Reality sets in. There can be a great difference between reading a recipe and following it through to a successful serving. Though the Guardian’s recipe seemed straightforward enough, I was fully up to my waist in ingredients (mostly alcoholic) before I realized the recipe didn’t specify how long to cook the meat, nor at what temperature to set the oven, or how exactly to make the fruit puree. Plus I had chosen to add the challenge of finding common domestic substitutions for Heston’s more professional tools: the sous-vide machine and blow torch. And, I planned to use the Thermomix for a few more applications than specified. Heston uses the Thermomix only once: for blending the liver ingredients. My version uses Thermomix for preparing marinade, pre-cooking the livers, blending the parfait, cooking the mandarin puree, blending the gelatin, preparing the jelly and re-warming the jelly.
For reasons of frugality, I also substituted two of the four bottles of alcohol required. With all due respect to Heston, I am too frugal to buy two kinds of port, and Madeira, plus brandy. Since the purpose of this recipe’s alcohol is solely to create a reduction, I chose to compromise and make do with what was at hand (substitutions are shown below).
Simply, more fun. Heston’s in-house recipe uses a combination of foie-gras and chicken livers for the parfait filling. On Heston’s recommendation this was reduced to simply chicken livers for preparation by home cooks when published in the Guardian. After successfully completed it once (with modifications and some second guessing) I found that in terms of time and techniques required it was somewhat prohibitive for the average cook. So with all due respect to dear Heston I have adjusted his recipe further so that even more Thermomix fans can enjoy making Mandarin Meat Fruit at home. (This recipe is so flavourful and fun, it deserves to be made and enjoyed by many!) From personal experience I believe this final ‘recipe reduction’ upholds the flavours and textures of the dish without compromising its outcome. The creamy, seductive liver parfait interior and outer mandarin jelly skin may not be as exquisitely perfect as when made by Heston’s hand, but close enough. The result was smooth and flavourful enough to make make dinner guests swoon while being whimsical enough to delight all.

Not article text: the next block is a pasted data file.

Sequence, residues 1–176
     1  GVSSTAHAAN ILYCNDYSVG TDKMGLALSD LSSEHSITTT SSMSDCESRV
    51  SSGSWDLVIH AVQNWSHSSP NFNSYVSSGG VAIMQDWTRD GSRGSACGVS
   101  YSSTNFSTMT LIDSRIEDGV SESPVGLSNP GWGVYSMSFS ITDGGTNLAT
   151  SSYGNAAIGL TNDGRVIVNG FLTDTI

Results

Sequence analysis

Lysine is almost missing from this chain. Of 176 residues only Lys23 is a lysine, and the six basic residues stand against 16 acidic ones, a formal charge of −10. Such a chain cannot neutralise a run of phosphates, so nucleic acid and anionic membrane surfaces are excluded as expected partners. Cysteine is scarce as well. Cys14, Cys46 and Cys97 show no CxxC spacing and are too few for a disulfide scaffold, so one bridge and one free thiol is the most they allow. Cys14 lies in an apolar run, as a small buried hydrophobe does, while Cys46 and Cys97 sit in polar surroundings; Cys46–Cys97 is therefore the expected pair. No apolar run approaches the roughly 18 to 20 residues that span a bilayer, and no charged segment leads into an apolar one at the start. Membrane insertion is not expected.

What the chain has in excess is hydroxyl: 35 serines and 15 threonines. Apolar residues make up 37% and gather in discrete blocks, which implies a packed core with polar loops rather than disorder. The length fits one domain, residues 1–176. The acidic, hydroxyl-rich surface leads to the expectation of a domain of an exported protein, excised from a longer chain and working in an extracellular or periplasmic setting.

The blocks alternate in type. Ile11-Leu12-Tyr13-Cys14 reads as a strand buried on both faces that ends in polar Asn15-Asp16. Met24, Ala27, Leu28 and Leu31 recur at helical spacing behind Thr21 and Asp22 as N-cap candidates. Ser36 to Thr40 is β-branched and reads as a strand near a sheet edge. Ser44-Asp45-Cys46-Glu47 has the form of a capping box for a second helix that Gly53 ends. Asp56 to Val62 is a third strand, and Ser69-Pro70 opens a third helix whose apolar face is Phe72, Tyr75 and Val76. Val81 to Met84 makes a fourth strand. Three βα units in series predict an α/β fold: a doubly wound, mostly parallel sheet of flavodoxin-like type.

Plan ahead. There are three parts to this recipe. The liver parfait interior is prepared first and must be frozen in domed moulds before proceeding. A coating of fruity gelatine is applied to frozen parfait. This requires that you have prepared a mandarin puree in advance. After the mandarin (liver) balls are covered in orange gelatin they will need to thaw before serving. By following Heston’s recipe, the process takes upwards of four days to complete. My version below allows you to set the pace: it can be completed in as little as two days, or you can extend the time between freezing the parfait and coating it, to suit your schedule.